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‘The words are what hit everybody’

Library explores story behind King’s ‘I Have a Dream’ speech

CHRISTINE HARKINSON/The Sun: The Moorestown Library’s discussion of Martin Luther Jr.’s “I Have a Dream” included the fact that former Palmyra resident Clarence Jones helped King write the speech.

Burlington County Parks’ curator Marisa Bozarth took residents behind the scenes of Martin Luther King Jr.’s “I Have a Dream” speech at the Moorestown Library on Jan. 5, noting the contribution of one former South Jersey resident.

“Everybody’s familiar with the ‘I Have a Dream’ speech, everybody knows about the March on Washington,” she said, referencing the August 1963 day when King spoke at the Lincoln Memorial.  

“ … But for most people, unless you’re a scholar of history, that’s as much as you know,” Bozarth added. “You don’t know the backstory as to what caused it, who was planning it and what all happened.”

Bozarth emphasized that her presentation gave residents an opportunity to learn more about different points in King’s speech.

“We always hear the ‘I Have a Dream’ piece, which is phenomenal,” she noted, “and it was the turning point for people and made the march what it was, but the rest of the speech is just as good, and we never hear it. It has some really good points in it, and the way it’s written I think is very good.”

According to the King Institute at Stanford University, former Palmyra resident Clarence Jones helped King draft the speech, a surprise to many.

“ … You get halfway through the presentation and then say, ‘By the way, the guy that wrote the speech is from Palmyra,’ and people are like, ‘He’s what?’” Bozarth noted. “There’s things that happened here, people that came from here, that make a huge difference, not just in their own town, but worldwide.”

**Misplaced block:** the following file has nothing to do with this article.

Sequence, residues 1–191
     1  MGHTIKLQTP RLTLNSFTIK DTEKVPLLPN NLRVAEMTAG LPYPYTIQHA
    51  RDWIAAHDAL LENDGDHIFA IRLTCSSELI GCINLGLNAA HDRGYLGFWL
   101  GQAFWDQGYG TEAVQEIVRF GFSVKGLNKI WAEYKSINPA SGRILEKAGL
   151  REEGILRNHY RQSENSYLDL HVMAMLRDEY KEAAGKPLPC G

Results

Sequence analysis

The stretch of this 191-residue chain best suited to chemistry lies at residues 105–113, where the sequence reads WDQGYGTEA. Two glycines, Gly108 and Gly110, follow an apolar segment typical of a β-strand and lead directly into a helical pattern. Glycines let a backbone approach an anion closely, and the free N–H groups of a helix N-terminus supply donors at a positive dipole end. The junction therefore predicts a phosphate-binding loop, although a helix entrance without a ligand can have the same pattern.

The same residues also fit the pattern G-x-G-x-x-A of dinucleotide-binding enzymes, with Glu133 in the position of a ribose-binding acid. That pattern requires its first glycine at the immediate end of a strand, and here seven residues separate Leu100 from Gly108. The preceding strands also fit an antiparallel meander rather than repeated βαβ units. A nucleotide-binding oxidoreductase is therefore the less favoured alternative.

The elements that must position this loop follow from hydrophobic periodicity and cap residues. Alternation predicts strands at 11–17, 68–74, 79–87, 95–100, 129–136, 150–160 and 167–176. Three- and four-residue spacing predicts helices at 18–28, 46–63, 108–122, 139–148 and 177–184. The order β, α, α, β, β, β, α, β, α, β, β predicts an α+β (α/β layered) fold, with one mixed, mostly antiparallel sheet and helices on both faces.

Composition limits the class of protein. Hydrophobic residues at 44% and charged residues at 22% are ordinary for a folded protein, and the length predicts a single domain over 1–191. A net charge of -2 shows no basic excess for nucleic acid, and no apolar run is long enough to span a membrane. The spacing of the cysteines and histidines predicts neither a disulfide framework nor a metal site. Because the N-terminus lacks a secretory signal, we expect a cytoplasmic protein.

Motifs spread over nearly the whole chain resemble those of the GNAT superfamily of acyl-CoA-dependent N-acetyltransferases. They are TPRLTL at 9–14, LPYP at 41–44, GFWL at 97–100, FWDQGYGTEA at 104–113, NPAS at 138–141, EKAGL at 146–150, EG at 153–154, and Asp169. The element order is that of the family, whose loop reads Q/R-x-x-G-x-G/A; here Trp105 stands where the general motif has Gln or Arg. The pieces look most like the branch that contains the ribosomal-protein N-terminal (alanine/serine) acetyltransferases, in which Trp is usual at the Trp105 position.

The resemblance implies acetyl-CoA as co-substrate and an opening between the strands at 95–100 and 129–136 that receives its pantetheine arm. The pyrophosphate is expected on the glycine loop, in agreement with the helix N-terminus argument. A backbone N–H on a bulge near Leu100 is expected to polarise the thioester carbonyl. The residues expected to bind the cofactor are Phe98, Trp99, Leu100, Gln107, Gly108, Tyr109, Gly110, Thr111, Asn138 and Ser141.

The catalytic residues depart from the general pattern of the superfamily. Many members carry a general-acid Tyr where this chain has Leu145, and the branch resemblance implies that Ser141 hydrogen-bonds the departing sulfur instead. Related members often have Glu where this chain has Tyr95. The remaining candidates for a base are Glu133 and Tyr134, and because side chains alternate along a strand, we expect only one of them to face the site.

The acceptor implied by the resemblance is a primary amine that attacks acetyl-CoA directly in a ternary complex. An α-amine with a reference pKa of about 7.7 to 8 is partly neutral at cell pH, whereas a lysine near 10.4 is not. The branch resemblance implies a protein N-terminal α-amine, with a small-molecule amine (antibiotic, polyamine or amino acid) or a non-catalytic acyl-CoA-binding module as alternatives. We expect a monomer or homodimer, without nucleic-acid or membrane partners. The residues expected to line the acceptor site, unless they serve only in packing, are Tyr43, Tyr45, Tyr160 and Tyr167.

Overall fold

Bozarth shared what she finds most interesting about the historic march, and what she hopes people take away from the speech’s history.

“For how horrible it is, I still think it’s interesting that after he gives this speech, people are so threatened by this guy, who is a minister who’s preaching peace,” she observed. “I want people to realize that it wasn’t just this one, unplanned moment in time, It was a 20-year process to lead up to the march.”

“It wasn’t just, somebody woke up in the morning and said, ‘We need to do this,’” Bozarth added. “ … It’s good for people to understand that there was a process to all of this, and it wasn’t all pretty.”

According to history.com, “I Have a Dream” was delivered before a crowd of some 250,000 people, and King used universal themes to depict the struggles of African Americans before closing with an improvised riff on his dreams of equality.

Bozarth enjoyed seeing people who attended the event hear King’s message once more.

“Some of the words that came from it are so significant,” she said. “The words are what changed people … The words are what hit everybody, and that’s what started this movement even further.”

“It’s just nice I think for people to hear them again, and maybe they’ll get something from them.”

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